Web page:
Remembering Tryweryn


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Guto Harri explores the meaning of two Welsh words daubed on a crumbling stone wall in West Wales, and explores their 50 year journey through Welsh writing and music.

The graffiti on that half collapsed wall, 'Cofiwch Dryweryn' ('Remember Tryweryn'), encapsulates the recent history of the country for many people. They're a memorial to a flooded village: Capel Celyn.

For Wales, the drowning of that village to create a reservoir providing water to Liverpool in the 1960s was a cultural tipping point as well as political one. The words on the memorial have come to symbolise the colonisation and exploitation of Wales by the English.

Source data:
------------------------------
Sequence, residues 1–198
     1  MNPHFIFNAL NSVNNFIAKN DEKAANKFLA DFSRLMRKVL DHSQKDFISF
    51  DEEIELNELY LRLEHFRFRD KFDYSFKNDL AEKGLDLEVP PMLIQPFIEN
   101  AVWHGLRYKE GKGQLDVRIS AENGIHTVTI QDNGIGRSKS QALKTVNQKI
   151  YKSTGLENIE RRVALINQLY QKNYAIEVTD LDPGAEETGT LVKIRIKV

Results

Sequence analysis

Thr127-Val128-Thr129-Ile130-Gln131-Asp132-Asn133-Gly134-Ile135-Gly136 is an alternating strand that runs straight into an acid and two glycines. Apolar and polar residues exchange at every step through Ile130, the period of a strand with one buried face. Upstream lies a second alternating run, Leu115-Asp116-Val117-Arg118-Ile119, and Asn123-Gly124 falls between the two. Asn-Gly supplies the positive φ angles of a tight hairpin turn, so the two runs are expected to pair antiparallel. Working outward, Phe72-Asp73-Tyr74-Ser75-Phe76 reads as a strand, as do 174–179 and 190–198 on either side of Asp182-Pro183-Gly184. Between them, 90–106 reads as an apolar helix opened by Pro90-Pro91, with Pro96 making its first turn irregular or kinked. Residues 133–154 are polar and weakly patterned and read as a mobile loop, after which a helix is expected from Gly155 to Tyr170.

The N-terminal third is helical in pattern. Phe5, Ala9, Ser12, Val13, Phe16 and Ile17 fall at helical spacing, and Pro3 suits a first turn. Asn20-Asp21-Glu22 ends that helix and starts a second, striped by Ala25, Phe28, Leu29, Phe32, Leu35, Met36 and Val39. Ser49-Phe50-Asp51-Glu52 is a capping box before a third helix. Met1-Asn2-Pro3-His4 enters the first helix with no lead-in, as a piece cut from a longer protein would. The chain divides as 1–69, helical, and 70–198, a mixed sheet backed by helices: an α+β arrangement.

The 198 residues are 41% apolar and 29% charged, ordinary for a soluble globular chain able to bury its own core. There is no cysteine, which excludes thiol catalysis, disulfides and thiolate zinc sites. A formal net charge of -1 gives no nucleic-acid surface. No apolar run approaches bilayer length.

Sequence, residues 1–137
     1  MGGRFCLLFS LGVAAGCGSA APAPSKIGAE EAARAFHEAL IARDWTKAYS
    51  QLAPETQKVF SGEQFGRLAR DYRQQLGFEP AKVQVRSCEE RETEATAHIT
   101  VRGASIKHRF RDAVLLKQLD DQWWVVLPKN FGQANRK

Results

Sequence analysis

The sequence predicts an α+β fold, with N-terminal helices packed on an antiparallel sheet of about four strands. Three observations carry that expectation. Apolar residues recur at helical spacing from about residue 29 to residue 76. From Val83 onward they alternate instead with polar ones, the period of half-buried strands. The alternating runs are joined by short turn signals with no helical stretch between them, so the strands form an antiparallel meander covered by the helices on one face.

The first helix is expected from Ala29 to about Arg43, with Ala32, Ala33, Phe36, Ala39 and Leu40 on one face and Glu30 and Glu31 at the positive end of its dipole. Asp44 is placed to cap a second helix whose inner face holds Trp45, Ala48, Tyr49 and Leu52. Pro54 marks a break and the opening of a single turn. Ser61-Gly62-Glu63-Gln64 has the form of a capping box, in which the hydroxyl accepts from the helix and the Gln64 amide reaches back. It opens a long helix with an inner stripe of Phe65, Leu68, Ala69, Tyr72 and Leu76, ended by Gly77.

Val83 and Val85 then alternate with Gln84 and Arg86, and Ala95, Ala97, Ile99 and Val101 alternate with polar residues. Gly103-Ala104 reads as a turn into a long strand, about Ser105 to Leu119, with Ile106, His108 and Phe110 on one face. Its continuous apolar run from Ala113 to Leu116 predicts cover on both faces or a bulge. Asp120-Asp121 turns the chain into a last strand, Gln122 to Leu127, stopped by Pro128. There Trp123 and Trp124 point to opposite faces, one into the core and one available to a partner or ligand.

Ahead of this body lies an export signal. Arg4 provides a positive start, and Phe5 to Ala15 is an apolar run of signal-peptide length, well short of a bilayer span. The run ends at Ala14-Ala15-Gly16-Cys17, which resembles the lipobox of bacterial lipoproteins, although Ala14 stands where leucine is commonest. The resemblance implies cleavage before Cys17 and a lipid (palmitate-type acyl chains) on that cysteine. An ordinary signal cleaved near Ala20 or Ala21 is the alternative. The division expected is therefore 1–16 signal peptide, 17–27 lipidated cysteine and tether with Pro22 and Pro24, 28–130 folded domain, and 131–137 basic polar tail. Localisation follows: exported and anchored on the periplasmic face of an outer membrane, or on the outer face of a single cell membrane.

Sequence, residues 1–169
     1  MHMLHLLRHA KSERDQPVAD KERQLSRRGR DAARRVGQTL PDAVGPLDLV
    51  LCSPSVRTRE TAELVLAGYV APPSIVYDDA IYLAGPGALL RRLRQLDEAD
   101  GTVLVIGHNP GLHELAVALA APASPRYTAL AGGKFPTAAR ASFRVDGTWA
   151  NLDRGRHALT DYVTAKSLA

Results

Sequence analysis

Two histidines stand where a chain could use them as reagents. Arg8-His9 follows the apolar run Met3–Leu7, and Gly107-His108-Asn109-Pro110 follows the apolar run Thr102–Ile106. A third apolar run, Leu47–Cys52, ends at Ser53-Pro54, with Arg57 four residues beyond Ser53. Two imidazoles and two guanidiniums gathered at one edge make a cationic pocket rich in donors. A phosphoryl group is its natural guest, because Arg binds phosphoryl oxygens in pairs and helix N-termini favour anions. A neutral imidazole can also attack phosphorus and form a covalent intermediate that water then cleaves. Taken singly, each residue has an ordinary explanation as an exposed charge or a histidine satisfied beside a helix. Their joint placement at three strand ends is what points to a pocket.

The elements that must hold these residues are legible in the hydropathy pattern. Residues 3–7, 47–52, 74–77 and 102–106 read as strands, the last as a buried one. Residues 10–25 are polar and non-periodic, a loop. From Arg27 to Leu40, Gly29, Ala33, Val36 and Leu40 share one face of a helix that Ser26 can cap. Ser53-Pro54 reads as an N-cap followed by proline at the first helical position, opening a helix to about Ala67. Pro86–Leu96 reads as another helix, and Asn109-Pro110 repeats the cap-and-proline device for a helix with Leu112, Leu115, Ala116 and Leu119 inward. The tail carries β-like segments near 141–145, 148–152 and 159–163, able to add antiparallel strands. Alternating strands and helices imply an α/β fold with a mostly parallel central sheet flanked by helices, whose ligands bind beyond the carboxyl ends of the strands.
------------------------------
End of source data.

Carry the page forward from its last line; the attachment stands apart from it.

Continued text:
But why does that one event over any other still have such resonance today?

Hearing from writers, poets, academics and art critics, Guto looks to understand how two words have come to shape Wales today, and how they're used to stir nationalist sentiments.

Produced by Glyn Tansley

Guto Harri explores the event that shaped Welsh art and literature for a generation.